One could say Ebro resident Dr. John Savage has lived the life of several men over his 88 years.
A true Florida Panhandle native, Savage was born in Okaloosa County in 1939. His parents moved to Bay County when he was just a month old, and he spent much of his youth in Holmes and Washington counties before earning first his dentistry and then a law degree from Emory University.
Savage went on to teach dentistry at Emory for two years after graduating, but soon, he was ready for his next adventure and served two years as a dentist with the U.S. Navy. During that time, he assisted with Operation Deep Freeze, part of the Navy’s continued exploration efforts of Antarctica in 1955 and 1956.
With the titles of dentist, attorney and Antarctic explorer under his belt, Savage returned to Georgia, where he gained a new title in 1971: state legislator.
State Representative Savage served 10 years in that role, quickly gaining a reputation for holding public officials accountable. One of his most notable fights was in 1978 against Atlanta City Council members after the council voted to give then-Atlanta Mayor Maynard Jackson a $10,000 a year raise hours before he was officially sworn into office, as well as voted in a measure creating $3,600 in expense accounts for council members weeks before they were sworn in. The actions were not publicly noticed until a week after they had taken place.
“The law’s written specifically to keep politicians from being that damn conniving,” Savage told The Atlanta Constitution in January 1978. “This is the type of action that destroys public confidence.”
Savage would eventually re-focus soley on his dentistry craft in the 1980s, pioneering a new bridge technique called the “Georgia Bridge,” which earned him not only a reputation as a “tooth sculpter” but also the top prize from Johnson & Johnson in the company’s Art of Restorative Dentistry Competition. While Savage has earned a professional reputation that has clients traveling from around the world to seek his expertise, he has also donated countless hours to philanthropic cases.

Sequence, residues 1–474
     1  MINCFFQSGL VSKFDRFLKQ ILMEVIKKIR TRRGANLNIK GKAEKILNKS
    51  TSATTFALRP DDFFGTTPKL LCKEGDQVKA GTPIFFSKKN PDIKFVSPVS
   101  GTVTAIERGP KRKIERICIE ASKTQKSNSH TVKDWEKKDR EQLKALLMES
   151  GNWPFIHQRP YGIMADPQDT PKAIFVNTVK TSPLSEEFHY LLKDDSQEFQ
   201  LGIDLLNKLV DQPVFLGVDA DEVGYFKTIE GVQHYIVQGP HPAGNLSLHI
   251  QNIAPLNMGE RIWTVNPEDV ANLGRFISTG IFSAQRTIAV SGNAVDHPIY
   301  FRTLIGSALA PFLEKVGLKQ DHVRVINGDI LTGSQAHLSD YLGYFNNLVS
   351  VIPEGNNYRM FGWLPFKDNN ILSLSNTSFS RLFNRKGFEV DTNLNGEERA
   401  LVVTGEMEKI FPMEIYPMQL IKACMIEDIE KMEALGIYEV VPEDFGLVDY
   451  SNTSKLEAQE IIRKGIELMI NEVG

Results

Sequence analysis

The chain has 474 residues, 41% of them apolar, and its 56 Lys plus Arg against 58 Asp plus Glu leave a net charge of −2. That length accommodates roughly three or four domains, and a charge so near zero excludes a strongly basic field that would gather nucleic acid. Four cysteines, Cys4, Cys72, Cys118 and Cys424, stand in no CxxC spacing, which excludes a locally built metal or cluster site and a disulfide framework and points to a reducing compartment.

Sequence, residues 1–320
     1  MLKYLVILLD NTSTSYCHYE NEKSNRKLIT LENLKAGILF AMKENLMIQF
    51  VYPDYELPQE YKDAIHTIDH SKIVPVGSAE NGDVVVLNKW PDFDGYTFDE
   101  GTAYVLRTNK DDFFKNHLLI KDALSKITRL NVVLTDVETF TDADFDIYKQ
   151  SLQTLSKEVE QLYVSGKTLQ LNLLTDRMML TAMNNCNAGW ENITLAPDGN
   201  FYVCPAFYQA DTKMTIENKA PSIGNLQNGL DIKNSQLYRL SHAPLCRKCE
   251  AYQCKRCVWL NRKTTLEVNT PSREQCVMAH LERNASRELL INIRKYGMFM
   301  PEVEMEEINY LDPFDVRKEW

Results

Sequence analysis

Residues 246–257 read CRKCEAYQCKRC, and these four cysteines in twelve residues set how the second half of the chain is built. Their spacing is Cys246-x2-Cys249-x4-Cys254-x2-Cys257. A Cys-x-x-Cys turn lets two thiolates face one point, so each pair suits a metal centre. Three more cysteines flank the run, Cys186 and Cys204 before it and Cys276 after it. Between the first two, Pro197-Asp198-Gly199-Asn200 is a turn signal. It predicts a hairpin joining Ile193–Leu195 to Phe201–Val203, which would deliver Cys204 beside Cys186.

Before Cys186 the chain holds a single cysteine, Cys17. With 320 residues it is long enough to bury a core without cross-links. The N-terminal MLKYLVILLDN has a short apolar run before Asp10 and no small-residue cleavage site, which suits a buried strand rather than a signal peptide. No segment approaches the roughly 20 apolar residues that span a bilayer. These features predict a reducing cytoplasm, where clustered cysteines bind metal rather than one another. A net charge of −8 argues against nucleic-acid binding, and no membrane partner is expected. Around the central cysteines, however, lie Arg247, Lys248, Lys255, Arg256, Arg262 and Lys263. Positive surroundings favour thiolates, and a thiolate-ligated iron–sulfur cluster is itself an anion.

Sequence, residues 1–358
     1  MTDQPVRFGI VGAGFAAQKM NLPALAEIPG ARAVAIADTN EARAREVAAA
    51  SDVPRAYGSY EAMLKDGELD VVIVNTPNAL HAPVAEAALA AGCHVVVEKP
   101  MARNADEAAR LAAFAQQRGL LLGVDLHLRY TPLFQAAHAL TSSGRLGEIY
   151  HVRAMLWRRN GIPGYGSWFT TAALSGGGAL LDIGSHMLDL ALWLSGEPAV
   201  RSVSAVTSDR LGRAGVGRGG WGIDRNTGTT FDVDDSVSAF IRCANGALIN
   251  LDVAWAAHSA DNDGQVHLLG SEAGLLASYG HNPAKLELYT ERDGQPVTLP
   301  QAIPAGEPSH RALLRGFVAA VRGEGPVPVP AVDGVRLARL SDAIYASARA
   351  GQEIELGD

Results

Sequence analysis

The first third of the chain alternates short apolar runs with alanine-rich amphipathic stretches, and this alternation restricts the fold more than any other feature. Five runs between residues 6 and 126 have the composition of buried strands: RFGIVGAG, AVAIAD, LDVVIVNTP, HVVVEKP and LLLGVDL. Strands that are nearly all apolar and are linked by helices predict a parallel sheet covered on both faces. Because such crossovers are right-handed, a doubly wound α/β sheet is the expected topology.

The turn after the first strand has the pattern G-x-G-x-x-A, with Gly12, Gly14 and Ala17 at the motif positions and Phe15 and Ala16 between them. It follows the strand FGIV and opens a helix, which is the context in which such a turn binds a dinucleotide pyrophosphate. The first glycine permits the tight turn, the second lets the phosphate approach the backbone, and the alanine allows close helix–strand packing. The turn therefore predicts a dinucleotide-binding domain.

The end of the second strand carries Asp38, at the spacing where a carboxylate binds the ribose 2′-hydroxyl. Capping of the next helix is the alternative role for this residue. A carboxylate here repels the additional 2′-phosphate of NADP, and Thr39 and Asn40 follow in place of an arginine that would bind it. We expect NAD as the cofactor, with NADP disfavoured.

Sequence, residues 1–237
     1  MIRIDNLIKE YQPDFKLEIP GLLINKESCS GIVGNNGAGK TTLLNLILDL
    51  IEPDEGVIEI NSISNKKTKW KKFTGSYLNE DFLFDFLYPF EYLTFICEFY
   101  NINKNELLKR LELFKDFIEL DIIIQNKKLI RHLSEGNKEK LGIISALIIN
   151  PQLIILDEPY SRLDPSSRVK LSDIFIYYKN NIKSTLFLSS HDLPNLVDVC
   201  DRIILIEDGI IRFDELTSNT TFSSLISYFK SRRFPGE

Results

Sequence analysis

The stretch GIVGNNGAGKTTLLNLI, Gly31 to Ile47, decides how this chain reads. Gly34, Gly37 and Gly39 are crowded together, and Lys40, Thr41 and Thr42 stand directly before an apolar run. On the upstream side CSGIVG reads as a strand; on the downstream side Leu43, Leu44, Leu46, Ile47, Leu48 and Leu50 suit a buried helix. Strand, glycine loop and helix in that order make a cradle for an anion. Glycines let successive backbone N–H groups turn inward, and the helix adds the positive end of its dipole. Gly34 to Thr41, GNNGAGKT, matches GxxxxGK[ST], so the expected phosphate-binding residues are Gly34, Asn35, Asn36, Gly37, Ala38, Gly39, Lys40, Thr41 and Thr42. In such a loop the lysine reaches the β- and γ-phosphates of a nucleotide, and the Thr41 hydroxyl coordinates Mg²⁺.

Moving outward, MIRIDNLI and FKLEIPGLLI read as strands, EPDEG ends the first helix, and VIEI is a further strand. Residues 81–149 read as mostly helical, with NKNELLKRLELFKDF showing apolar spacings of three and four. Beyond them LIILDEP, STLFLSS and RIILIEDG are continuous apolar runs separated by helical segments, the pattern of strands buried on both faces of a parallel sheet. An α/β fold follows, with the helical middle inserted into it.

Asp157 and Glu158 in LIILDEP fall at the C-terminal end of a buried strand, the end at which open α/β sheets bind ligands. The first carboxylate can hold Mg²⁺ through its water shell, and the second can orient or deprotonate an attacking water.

Savage has also made a point to surround himself with other extraordinary individuals, such as his longtime friend, Otis Ikner, who passed away in April 2022.
While practicing dentistry in Atlanta, Georgia, Savage met and hired Ikner, who would later receive the Lifetime Achievement Award from the Excellence in Dentistry Organization for being the nation’s first Black male dental hygienist. A report from U.S. News and World Report declared Ikner to be a pioneer in the field after statistics showed he was the nation’s sole male dental hygienist between 1973 and 1978. Among his other notable achievements, Ikner also competed on the U.S. Olympic Fencing Team. The men immediately formed a bond that transcended the boundaries of the racial and social unrest that continued to resonate throughout the 1970s. Ikner returned with Savage to Ebro in the 80s, where they continued to work together until Ikner accepted a position with Washington County Council on Aging following recovering from a stroke. Ikner and Savage’s adventures together have been chronicled in a book by Kathryn J. Hardy called, “Johnny and Jazzbo.” The book is available at the Washington County Historical Society Museum. Hardy will be at the museum to sign books from 10 a.m. to noon, Saturday, June 25.
But as others begin to share tales from his life, Savage says his story is far from over. He keeps active with daily exercise and by going dancing twice a week and says he is preparing for yet another adventure,“whatever that may be.”
Today, he is winding down the last of his more than 63 years of practice at the small office located behind his home at his 240-acre fish camp on the Choctawhatchee River, an office he says allowed him to “practice dentistry in paradise.” Through all his travels, Savage says his work and the river are where his heart lies, with strong family ties and traditions that called him back. “I have covered the Earth and yet there is no place that means as much to me as Northwest Florida,” he said. “My great-grandfather traveled on a horse and buggy along this same river and provided dental services in the late 1880s. My grandfather and uncle were dentists, too. I make smiles. That’s what I do.”
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